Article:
Articles

Empowering Business with a Platform Architecture Approach

Posted by Graeme Perrins on 26 October 2018

Deloitte Platform Engineering has built experience and knowledge of delivering complex solutions that span organisational domains. These large scale, cross domain solutions bring added complexities to delivery. Our experience shows that by taking a different view to the problem you can deliver more than just a technology outcome.

Applying a platform architecture approach not only changes the way that these large solutions are architected but also changes the way the organisation views and manages the technology. A platform architecture approach can provide benefits across the solution architecture and also enable improved business agility and IT economics.

Before we delve into how a platform approach enables this, we must first answer two key questions: What do we mean by a platform and What is a platform architecture?

The word platform has several meanings, from traditional:

“a flat, raised area or structure”, but in the context of a business, platform means: “A set of services and functions that deliver to the part of a business value chain”

A platform architecture aligns the business and technology architectures to business domain platforms. Under this model, platform architecture means:

“Structuring the business into domain owned technology platforms that deliver business value across and beyond the domain via domain owned and managed platform services.”

Here is an example of how a platform architecture can be structured:

Platform Architecture Example

There are several important benefits that are enabled by taking a platform architecture approach.

The business domains can take ownership of the IT applications and systems they use allowing the domain to directly manage their technology investment roadmap without traditional constraints that come from a central IT function.

The platform approach help enables domains to clearly define key “platform services” that can then be exposed via service integration patterns for use by other parts of the business and potentially to external 3rd parties as well. This can also enable commercialisation of key services by enabled 3rd parties to leverage them for added value. e.g. Amazon, Paypal, etc.

For example in the diagram above, the Warehouse & Delivery platform services might be used by 3rd parties to form a marketplace where logistic and courier companies could bid for deliveries via the platform services. Even the T services the company uses can be structured into a supporting IT platform.

Separating the business into platforms also provides both structural and change independence. The implementation of the platform functions can independently evolve from the other business platforms. This requires that the platform services are provided through a service layer decoupling the service interface from the implementation.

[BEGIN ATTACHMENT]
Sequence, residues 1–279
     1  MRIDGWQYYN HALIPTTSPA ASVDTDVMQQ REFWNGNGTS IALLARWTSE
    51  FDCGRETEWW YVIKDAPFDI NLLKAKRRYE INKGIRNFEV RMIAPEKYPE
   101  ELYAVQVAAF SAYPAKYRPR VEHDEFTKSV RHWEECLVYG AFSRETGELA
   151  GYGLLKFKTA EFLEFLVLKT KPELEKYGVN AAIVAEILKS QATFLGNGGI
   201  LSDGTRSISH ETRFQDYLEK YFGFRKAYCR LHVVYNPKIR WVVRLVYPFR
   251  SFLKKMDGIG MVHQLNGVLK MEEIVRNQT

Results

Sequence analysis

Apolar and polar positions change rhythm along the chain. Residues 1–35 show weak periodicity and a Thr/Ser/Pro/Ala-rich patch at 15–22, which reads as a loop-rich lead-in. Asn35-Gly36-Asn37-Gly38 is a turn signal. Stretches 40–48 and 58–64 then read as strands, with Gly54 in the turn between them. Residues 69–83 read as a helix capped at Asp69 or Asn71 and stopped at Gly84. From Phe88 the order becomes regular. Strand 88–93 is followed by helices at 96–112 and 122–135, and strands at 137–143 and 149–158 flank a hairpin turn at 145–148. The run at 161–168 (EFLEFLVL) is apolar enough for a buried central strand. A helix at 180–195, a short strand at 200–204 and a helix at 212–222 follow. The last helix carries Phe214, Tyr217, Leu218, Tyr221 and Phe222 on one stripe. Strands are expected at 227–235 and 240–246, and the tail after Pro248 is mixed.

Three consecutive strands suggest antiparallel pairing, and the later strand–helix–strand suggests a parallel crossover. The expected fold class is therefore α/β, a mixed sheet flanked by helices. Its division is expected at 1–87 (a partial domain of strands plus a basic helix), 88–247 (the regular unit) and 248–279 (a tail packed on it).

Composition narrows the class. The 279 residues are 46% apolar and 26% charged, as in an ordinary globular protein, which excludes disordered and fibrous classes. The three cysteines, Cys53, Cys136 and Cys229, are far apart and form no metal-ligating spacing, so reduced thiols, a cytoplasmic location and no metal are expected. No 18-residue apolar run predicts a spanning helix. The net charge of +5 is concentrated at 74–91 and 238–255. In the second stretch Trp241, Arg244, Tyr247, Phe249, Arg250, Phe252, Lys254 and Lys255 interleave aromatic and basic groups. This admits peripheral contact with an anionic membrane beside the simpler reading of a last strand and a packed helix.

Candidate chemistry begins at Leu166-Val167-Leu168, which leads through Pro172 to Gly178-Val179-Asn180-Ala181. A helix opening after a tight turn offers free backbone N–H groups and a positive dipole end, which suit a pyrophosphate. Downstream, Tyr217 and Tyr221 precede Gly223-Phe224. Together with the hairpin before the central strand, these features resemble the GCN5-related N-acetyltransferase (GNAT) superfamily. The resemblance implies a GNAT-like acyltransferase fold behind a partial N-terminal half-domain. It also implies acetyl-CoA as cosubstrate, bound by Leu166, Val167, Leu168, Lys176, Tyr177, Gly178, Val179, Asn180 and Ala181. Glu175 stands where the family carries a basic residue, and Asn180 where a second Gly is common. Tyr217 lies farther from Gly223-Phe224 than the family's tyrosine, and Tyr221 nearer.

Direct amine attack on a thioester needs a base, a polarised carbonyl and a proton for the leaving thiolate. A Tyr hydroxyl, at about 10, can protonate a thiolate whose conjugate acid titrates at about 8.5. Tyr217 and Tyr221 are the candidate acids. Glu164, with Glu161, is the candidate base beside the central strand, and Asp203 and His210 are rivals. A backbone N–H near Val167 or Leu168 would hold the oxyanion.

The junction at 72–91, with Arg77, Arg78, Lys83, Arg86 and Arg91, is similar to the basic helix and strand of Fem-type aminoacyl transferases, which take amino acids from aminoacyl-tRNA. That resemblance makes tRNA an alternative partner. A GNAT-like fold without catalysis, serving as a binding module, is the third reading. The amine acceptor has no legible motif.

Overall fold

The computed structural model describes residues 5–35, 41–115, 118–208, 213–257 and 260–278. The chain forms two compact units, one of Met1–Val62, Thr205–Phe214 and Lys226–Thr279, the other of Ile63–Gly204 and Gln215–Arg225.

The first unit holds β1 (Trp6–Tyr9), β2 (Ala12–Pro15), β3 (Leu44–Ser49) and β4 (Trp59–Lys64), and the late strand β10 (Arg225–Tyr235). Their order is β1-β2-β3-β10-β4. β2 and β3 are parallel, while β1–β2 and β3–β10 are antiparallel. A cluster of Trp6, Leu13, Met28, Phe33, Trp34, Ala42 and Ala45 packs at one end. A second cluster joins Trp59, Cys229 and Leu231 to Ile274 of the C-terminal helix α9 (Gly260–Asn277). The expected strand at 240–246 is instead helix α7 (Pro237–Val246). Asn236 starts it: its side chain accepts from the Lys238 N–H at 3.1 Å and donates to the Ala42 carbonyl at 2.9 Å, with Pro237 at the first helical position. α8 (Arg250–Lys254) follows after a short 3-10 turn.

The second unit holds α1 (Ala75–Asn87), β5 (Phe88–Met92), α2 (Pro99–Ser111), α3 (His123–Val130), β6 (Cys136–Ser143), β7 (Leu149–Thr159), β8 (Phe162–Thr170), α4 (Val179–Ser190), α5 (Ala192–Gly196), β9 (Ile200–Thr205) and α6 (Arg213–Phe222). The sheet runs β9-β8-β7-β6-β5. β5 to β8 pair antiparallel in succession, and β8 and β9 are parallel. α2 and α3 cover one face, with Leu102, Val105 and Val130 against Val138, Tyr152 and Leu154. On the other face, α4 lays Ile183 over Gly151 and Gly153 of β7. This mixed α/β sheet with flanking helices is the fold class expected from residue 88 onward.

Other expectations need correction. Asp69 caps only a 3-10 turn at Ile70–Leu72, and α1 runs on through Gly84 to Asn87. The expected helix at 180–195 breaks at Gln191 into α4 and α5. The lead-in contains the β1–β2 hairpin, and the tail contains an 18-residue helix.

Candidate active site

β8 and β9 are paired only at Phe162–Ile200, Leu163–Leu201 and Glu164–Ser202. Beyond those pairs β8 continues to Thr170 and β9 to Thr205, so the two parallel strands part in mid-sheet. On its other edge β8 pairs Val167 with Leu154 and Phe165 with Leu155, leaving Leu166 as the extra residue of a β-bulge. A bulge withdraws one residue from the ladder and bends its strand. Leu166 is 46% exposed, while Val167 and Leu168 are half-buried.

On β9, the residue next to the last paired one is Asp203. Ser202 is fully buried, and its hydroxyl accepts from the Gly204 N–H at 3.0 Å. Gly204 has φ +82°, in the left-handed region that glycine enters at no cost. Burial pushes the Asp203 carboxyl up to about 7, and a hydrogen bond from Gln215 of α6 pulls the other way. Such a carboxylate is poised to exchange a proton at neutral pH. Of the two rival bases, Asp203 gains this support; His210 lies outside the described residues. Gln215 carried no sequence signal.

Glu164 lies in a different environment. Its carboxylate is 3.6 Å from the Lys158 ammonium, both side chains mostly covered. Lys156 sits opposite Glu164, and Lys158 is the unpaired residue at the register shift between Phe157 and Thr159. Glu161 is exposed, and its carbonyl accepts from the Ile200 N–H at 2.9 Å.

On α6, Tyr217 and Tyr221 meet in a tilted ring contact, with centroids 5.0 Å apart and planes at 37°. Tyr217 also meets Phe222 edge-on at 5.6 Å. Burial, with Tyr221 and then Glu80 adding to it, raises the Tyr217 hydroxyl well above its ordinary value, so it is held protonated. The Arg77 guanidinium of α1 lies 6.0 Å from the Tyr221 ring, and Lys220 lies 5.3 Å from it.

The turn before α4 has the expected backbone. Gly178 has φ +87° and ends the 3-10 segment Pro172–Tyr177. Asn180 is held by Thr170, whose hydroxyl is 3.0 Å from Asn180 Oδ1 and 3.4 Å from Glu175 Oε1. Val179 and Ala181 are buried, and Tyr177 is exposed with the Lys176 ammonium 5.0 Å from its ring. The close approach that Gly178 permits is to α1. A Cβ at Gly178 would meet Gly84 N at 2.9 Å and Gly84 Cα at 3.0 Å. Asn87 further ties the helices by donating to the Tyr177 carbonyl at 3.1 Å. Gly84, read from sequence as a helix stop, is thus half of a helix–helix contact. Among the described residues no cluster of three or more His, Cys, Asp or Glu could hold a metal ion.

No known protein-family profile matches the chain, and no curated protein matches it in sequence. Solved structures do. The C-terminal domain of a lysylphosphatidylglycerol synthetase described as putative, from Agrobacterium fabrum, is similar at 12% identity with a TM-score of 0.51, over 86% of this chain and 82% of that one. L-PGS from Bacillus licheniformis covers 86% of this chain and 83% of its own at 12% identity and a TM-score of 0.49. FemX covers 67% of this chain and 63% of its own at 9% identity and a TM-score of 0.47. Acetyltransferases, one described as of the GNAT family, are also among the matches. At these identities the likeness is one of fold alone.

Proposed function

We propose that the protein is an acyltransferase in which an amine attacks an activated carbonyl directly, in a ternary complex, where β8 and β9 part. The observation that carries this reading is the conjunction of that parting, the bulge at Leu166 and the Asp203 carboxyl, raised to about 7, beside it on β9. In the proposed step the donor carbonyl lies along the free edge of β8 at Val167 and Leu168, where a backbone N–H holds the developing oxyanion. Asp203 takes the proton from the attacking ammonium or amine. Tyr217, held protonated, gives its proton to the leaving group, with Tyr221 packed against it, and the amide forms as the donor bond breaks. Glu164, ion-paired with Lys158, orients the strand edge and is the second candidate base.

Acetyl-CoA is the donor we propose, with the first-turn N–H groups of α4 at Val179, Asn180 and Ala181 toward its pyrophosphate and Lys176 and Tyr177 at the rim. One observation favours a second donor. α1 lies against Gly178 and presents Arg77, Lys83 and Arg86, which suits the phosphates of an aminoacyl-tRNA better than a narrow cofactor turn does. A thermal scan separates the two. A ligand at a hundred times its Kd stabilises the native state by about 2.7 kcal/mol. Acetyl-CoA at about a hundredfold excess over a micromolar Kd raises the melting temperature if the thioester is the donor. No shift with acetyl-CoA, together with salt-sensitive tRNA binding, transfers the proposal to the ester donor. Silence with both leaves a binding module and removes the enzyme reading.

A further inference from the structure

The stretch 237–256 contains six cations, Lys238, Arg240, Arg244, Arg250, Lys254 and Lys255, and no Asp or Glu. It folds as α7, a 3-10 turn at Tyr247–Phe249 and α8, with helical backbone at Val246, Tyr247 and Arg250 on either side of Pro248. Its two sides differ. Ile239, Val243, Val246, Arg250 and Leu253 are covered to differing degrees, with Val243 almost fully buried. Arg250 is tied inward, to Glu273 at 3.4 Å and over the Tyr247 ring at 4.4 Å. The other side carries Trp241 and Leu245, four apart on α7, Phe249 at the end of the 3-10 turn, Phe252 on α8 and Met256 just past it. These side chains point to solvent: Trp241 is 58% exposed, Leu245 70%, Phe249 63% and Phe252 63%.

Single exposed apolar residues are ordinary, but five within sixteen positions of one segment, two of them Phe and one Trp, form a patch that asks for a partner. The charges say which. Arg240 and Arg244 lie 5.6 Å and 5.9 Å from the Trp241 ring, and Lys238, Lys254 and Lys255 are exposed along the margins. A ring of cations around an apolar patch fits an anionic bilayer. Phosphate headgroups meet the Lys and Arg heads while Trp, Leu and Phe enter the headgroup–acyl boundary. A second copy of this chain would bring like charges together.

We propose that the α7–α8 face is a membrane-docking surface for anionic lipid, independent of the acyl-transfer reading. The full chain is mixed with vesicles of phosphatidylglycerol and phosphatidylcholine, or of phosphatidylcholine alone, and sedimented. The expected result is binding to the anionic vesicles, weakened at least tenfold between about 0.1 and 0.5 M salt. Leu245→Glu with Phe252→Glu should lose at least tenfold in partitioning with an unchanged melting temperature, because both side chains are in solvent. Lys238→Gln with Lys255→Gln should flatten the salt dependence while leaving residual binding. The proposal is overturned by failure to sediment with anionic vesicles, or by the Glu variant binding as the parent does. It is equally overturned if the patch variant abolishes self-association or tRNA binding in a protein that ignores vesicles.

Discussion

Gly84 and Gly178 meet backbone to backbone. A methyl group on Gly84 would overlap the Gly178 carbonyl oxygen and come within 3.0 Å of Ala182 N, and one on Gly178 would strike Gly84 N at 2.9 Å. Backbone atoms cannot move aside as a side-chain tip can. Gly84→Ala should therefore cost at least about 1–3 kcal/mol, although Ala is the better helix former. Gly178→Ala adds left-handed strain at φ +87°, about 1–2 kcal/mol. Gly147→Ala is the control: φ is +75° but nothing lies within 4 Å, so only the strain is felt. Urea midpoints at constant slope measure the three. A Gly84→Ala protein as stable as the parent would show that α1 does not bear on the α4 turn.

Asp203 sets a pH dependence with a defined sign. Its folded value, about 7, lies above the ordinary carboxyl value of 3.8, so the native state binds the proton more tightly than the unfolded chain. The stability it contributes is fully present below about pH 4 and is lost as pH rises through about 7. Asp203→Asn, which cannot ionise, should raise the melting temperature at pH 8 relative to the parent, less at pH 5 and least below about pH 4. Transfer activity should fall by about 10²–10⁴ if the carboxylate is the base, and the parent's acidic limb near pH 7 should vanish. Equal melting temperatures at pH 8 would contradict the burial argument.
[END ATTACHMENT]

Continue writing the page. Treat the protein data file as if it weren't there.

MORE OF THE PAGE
Whilst there are a number of benefits of this platform model, it does not come for free and there are a number of considerations to make.

Each business platform will require the skills and expertise to manage, operate and develop their owned technology applications. This requires changes to the business & IT budget process. The business domain budget now needs to include the platform IT costs. This too is an enabler as the IT budget is becomes a responsibility of each business domain rather than a central IT budget that is owned and allocated separately from the business.

Another key change that comes with the domain ownership of their platform is the new responsibilities of operating and supporting the platform as it is now acting as a service provider to other parts of the business and potentially other 3rd parties as well.

Considering these aspects requires a view and understanding of the overall economics of changing to a platform architecture. On the surface this looks like establishing bespoke IT functions within each business domain with duplicating costs and expenses. But if you consider this from the view of moving from a central resourced model to a platform resoucre model then this can provide a better resource balance. Typically a central model requires the need to carry excess resources to cover peak or concurrent demands.

A platform architecture delivers benefits through domain autonomy and independence to evolve, adapt and provide new services to the market. Implementing a platform architecture and delivering platform services requires skills across architecture, technology integration and engineering disciplines. Without such experience and insight, the different platforms can devolve into dysfunctional technology domains hampering the outcome rather than empowering it.

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